We’ve made a couple of changes to our webfont license, removing some restrictions, putting others in place and adding a new use. The biggest changes are as follows:
- Licensed by pageviews
Our previous license was priced based on the number of domain names. The new one is based on the average monthly traffic, counted in pageviews, of the website using the fonts. The starting price for the lowest traffic level – 500,000 pageviews – remains the same as our previous single-domain price.
- Expanded domain name coverage
Although the new license is still for use with a single domain, the definition of a domain is more inclusive. So long as the unique identifier of the domain name remains the same, subdomains and top-level domains are now unlimited. For example, the following five domain names are considered a single domain:
example.com, example.dk, shop.example.com, blog.example.com,
In the past, this would have counted as four domain names (five subdomains were included with each domain) and required a separate license for each.
- Adding web-based mobile app usage
We were often asked if our webfont license covered web-based apps and our answer was that it didn’t. In our new license, we explicitly allow webfont use for web-based apps using @font-face to call the fonts. It’s important to note that mobile apps built with embedded or included fonts are not be covered by this or our desktop license and require the purchase of a license extension if such use is desired.
Already purchased a domain-based license from us?
If you already purchased webfonts under the previous domain-based license, don’t worry – this doesn’t change your license. It will remain domain-based and not tied to pageviews.
However, if you were to upgrade a previous purchase (say you bought Bryant 2 Web Bold and wanted to upgrade to Bryant 2 Web Complete Family), all the fonts in that order, including the previous purchase, would fall under the new license.
In a nutshell, our upgrade program let’s you add licenses or more family members of previously purchased fonts without re-paying for what you’ve already purchased. The benefit, in both cases, is that you can buy what you need, when you need it, without penalty. It’s also a great way to try out fonts, starting with a single weight or pack, knowing you won’t pay for those fonts again if you purchase larger packs that contain the same fonts later on.
There are three basic types of upgrades but they can be combined in just about any conceivable way. Both desktop and web fonts are upgradable but only purchases made directly through the Process Type Foundry are eligible.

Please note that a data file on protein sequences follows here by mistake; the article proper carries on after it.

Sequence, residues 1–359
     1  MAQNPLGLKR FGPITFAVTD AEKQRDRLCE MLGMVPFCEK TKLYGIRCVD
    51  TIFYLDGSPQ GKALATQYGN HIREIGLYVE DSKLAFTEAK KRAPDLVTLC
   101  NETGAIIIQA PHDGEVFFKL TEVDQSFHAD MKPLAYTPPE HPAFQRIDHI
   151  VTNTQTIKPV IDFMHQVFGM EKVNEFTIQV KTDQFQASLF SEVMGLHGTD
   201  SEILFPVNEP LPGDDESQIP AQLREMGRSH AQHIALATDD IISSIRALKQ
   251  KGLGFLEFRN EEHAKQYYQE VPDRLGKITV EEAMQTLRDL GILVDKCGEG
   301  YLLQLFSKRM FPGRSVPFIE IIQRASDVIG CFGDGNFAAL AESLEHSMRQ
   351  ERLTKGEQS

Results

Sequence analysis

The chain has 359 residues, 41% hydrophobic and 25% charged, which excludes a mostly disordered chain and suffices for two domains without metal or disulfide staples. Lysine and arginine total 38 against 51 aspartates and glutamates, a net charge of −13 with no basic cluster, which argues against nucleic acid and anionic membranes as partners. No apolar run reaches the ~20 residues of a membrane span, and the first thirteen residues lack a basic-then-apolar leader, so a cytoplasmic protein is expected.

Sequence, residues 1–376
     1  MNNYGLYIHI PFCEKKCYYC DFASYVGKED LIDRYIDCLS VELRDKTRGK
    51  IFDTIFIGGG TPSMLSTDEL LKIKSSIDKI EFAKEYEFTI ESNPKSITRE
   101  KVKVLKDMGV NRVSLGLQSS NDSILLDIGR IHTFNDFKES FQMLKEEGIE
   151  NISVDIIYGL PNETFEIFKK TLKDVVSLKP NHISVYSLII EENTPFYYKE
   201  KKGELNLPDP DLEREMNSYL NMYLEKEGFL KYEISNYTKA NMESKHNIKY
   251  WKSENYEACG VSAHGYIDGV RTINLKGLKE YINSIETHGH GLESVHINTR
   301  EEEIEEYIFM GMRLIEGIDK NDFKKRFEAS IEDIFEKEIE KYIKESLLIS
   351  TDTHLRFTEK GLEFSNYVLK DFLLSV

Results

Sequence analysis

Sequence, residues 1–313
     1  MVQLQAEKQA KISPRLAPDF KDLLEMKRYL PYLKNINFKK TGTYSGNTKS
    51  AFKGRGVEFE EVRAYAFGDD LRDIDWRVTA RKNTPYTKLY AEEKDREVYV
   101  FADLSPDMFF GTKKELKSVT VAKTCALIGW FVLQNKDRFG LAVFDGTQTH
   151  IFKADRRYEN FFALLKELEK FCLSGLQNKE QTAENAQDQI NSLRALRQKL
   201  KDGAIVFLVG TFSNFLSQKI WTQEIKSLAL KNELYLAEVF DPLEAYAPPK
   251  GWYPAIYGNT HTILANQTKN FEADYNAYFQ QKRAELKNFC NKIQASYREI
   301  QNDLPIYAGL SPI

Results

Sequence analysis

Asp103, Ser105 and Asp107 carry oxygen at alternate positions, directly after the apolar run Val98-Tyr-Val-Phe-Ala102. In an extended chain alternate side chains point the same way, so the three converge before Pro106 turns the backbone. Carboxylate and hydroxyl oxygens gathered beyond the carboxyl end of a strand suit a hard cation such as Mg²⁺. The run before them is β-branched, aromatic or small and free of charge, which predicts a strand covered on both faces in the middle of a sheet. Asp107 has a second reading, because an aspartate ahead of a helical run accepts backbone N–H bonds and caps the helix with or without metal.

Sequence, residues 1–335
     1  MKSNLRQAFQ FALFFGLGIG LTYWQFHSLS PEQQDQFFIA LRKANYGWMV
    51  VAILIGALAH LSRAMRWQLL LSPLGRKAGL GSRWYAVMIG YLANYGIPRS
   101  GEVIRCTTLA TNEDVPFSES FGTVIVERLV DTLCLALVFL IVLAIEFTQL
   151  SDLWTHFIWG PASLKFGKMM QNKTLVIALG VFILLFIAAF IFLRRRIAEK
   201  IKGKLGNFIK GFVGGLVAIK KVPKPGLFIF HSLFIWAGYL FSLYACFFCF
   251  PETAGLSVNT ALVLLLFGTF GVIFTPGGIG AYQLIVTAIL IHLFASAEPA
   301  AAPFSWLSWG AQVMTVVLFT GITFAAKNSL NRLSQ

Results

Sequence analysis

1) Add more fonts from the same family
Start small, with just a single, then purchase the full family when you need a larger typographic palette. Or, for a larger family, start with a single, move to a pack and purchase the whole family when you’re convinced it’s a good fit.
2) Add OpenType Features
Bryant, Capucine, Elena, Klavika and Seravek all have various OpenType features like small caps, arrows and multiple numeral styles. They’re offered in two flavors for different budgets: the full versions have all their OpenType features and a higher price, and the basic sets have fewer features and a lower price. If you’re not sure you’ll use all the features, start with a basic character set and upgrade to the full version whenever you’re ready.
3) Add computers
This is the most straightforward of upgrade options. When your team has grown or the fonts you’ve purchased are on more computers than you’re licensed for, add more easily.
To add more computers, in this instance to an existing one computer license of Bryant Compressed Bold, simply choose the number of computers you’d like and ‘add’ to cart. That’s it! The previous purchase price of $39 is factored into the cost and the extra license ends up at just $4.
For all upgrades, the first step is to log into your account. Once logged in, any prices affected by upgrades will show up in blue.
From our Help pages:
An overview of our upgrade program
How to: upgrade to desktop packs, families or pro versions
How to: add licenses to a previous purchase
Since I need a login, what if I don’t have one?
Our Colfax has been finding a home for itself on the web as of late. You won’t find tiny type in this lot of featured sites, but generous sizing that gives the type room to breath and shine. Below are a few websites using Colfax to great effect.